Dr. Meryl Alper
Tuesday, February 4, 2020 (3:30-4:50PM PT at Anteater Learning Pavilion 1100)
Dr. Meryl Alper studies the social and cultural implications of communication technologies, with a focus on disability, children, and family.
Description: Research on new media and social life has recently begun to ethnographically explore the sensory dimensions of how individuals experience and perceive technology. In this talk, I propose “inclusive sensory ethnography” to account for greater neurodiversity in how humans process sensory input, as well as a fuller range of multi-sensory encounters to be had with new media technologies. I ground this conceptualization in a larger book project centering on children and adolescents on the autism spectrum and their social engagements with print, screen, and interactive media in informal learning spaces. Inclusive sensory ethnography reveals novel understandings of how the internal senses shape and are shaped by mediated relationships, practices, and intimacies. I discuss further implications for how disability and inclusive sensory ethnography can enrich the study of everyday technology use and the design of mediated spaces.
Access, Maintenance, Justice.
Dr. Roderic Crooks
Thursday, February 6, 2020 (3:30-4:50PM PT at Anteater Learning Pavilion 1100)
Dr. Roderic Crooks studies the use of digital technology in minoritized communities and the civic institutions that serve them.
Description: For over half a century, technologists, educators, librarians, and philanthropists have held that equity of access to valorized forms of digital technology could empower minoritized communities if computers and computer-like devices were correctly integrated into schooling. Despite many decades of such attempts and many invocations of the failure of specific programs, the impetus to address structural inequality via technological interventions persists. What if we were to think about technological access not as a beneficial good to be distributed equitably, but as a process of configuring costs and benefits together? In this brief talk, I use concepts from science and technology studies and to map out an approach that might help researchers and other stakeholders more realistically frame the costs and benefits of technological intervention, especially those deployed in the setting of urban schools.
Death, Dying & the Necro-Digital Internet: Critical Examinations of Youth Activism and Racial Trauma Online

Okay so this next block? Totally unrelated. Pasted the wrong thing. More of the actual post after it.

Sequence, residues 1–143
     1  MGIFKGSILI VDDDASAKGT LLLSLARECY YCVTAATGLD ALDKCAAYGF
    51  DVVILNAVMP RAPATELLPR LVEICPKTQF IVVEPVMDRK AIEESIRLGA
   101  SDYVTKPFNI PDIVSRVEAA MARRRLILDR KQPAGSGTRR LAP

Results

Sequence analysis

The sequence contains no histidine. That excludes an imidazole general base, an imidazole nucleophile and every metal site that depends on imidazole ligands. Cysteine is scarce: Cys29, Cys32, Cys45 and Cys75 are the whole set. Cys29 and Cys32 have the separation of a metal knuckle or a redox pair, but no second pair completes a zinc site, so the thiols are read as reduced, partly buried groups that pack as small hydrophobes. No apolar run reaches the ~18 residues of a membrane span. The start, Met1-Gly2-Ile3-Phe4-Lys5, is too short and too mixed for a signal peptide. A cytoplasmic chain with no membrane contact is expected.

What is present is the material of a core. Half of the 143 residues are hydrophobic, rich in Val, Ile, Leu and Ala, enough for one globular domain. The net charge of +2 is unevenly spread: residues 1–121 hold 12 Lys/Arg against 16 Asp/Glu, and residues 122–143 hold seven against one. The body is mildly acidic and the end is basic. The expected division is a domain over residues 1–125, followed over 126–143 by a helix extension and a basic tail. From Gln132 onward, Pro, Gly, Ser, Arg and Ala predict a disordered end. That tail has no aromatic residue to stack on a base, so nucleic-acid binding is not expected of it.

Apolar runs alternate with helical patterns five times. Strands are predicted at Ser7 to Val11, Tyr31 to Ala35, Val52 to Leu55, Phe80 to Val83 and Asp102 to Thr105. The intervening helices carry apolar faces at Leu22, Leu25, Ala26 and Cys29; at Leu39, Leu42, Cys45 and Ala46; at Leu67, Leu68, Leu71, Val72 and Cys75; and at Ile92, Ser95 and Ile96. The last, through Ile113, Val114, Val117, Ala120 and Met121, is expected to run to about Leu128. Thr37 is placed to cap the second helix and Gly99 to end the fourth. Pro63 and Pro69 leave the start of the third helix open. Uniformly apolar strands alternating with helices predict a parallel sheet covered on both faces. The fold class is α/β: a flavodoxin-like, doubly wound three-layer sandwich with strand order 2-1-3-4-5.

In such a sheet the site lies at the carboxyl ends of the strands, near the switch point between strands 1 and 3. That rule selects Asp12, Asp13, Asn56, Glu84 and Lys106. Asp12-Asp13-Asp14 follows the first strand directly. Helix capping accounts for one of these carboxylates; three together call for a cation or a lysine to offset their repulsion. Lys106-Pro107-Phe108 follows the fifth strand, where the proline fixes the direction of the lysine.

Dr. Tiera Chantè Tanksley
Tuesday, February 11, 2020 (3:30-4:50PM PT at Anteater Learning Pavilion 1100)
Dr. Tiera Chantè Tanksley studies the intersectional impacts of race, gender, class and age on the experiences of Black girls in media, tech, and education.
Description: The #BlackLivesMatter movement, which rose to prominence following the state-sanctioned murders of several unarmed Black Americans, shed light on the power of social media to serve as a platform for community activism and digital storytelling for Youth of Color. At the same time, the ubiquity and virality of Black death and dying across social media platforms has raised serious concerns among educators, activists and healthcare professionals alike. In recognizing Black girls’ heavy participation in online movements for racial justice and their unprecedented rates of social media use, this talk explores the socioemotional side effects of encountering racially traumatizing images for 17 self-identified Girls of Color. By submerging these participant narratives into a growing body of Black feminist technology scholarship, this talk will shed light on the obscure inner-workings of algorithmic racism and the commodification of Black death on the web. By showcasing how the internet traffics in Black death and dying, this work aims to disrupt normative constructions of digital media and internet systems as post-racial, ungendered and inherently liberatory platforms for student activism.
Digital Technology Use in Families
Dr. Stephanie Reich
Thursday, February 13, 2020 (3:30-4:50PM PT at Anteater Learning Pavilion 1100)
Dr. Stephanie Reich’s research focuses on understanding and improving the social context of children’s lives through examining parent and peer interactions.
Description: One of the largest contributions to children’s learning is their interactions with their family, especially their parents. As digital devices permeate homes across the country, questions arise as to how these devices may supplant, enhance, or mediate parent-child and sibling-child interactions. Drawing on several studies of technology use in families and utilizing a developmental lens of how children learn, we will discuss some of the ways these devices are used in families and how they support or detract from children’s interactions with their family members. We will consider these processes from infancy through adolescence.
Using Technology to Scale Wellness Interventions
Dr. Stephen Schueller
Tuesday, February 18, 2020 (3:30-4:50PM PT at Anteater Learning Pavilion 1100)
Dr. Stephen Schueller studies digital mental health, with a focus on expanding the accessibility and availability of mental health resources through technology.